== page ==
by Jaakko Jutila
Finland — the land of a thousand lakes and forests — is located in northern Europe. Water
covers 10% of the total area of 338,000 square kilometers, and forests cover up to three fourths
of the area. The country is the most forested one in Europe. The population totals approx.
5. 3 million and in every square kilometer there lives approx. 15. 5 inhabitants in average (1).
In the US, for example, there are approx. 30. 6 inhabitants per square kilometer (2).
Tforestry and forest machines. The mean temperatures
go down to - 5. 7°C in February and in July + 17°C. This
he terrain is fairly flat, which is a good thing for
climate is good for the four main tree species in Finland.
Nearly 50% of the timber consists of pine, the other three
common species are spruce, downy birch, and silver birch ( 3).
Forestry has long roots in the history of Finland and
wood and paper products have the third biggest export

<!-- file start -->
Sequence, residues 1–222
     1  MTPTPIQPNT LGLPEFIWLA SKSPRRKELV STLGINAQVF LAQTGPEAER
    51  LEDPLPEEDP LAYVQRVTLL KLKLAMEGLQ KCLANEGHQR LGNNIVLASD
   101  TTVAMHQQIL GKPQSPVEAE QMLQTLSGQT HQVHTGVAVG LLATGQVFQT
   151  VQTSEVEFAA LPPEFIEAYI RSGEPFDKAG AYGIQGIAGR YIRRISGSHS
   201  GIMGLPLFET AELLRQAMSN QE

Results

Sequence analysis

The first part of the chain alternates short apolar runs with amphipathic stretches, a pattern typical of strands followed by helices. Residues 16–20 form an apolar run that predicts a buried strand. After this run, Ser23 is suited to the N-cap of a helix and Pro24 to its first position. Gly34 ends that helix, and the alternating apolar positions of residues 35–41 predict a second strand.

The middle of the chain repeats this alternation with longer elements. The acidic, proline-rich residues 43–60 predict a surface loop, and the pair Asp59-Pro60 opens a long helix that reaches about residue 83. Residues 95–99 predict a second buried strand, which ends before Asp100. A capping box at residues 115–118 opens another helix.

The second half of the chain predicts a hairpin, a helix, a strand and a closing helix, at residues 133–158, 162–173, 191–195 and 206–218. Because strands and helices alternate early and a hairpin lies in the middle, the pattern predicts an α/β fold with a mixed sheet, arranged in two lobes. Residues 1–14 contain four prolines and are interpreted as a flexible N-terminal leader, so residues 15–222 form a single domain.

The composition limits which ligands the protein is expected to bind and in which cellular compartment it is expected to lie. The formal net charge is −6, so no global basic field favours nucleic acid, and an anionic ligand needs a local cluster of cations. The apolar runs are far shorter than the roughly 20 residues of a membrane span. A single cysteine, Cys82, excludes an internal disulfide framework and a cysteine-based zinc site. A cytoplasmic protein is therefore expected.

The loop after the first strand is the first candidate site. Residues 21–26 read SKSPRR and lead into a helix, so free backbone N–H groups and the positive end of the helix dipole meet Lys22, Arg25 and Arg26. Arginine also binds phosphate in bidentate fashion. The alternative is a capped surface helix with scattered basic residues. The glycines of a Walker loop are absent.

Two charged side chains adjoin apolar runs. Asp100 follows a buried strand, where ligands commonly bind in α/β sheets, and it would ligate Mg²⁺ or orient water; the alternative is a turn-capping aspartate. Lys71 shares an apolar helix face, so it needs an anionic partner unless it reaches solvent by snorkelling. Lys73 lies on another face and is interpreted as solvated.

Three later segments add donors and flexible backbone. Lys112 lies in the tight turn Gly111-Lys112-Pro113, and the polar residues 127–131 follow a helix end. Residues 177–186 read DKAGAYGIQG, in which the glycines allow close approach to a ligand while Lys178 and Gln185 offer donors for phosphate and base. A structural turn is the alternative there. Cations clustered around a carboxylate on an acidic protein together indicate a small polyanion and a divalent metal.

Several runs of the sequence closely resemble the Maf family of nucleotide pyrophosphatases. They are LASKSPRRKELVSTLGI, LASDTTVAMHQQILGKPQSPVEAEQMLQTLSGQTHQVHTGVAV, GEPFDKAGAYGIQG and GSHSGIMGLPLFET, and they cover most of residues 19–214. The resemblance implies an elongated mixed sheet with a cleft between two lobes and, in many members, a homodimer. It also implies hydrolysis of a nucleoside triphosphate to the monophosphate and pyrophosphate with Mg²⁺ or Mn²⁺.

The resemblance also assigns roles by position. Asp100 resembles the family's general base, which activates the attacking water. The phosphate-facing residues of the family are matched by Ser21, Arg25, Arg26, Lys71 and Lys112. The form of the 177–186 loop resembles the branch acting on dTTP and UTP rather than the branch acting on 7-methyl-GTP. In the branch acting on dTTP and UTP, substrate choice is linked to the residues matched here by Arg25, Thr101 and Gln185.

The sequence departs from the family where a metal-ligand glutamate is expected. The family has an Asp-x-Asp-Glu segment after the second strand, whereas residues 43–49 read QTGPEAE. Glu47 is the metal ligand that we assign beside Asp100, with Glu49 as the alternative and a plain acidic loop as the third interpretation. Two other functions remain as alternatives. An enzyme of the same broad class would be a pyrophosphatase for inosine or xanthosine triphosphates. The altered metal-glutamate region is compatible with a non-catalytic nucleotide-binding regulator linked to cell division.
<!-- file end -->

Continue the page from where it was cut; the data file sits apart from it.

share with about 20.3% of the total export. Forest
research is also at a high level in Finland and, for example,
the soil type of most of the forests is known. (1)
The Forestrix Project
As forest industry is moving towards more automated
machines and efficient production control, there is a
growing interest on data gathering from inside the forests.
The traditional way of manual or aerial measurements has
strict limitations on what kind of data can be gathered and
how accurately. So, what does this have to do with robots?
The motivation for this project is twofold and
both of the sides are heavily related to the application
of sensor technology. The first motivation relates to
knowledge that can be gathered while moving
through the forest. The trees that are left standing
can be mapped and many kind of statistics can be
gathered. When the structure of the soil of the
specific forest lot is known, this measurement
information can be very useful in forest management
and planning. The information gathered during the
thinning can be valuable when evaluating when the
final harvest should be made and what kind of wood
material can be expected from it.
The other part of the motivation relates to the
human aspect of forest machine operation. Forest
machines are difficult to control and operator training
is time-consuming and expensive. The working
conditions can also be very exhausting to the operator. Long work shifts, repetitive movements, and the
relentless concentration can be very wearing in the
FIGURE 1. Ponsse forest harvester.
46 SERVO 04.2009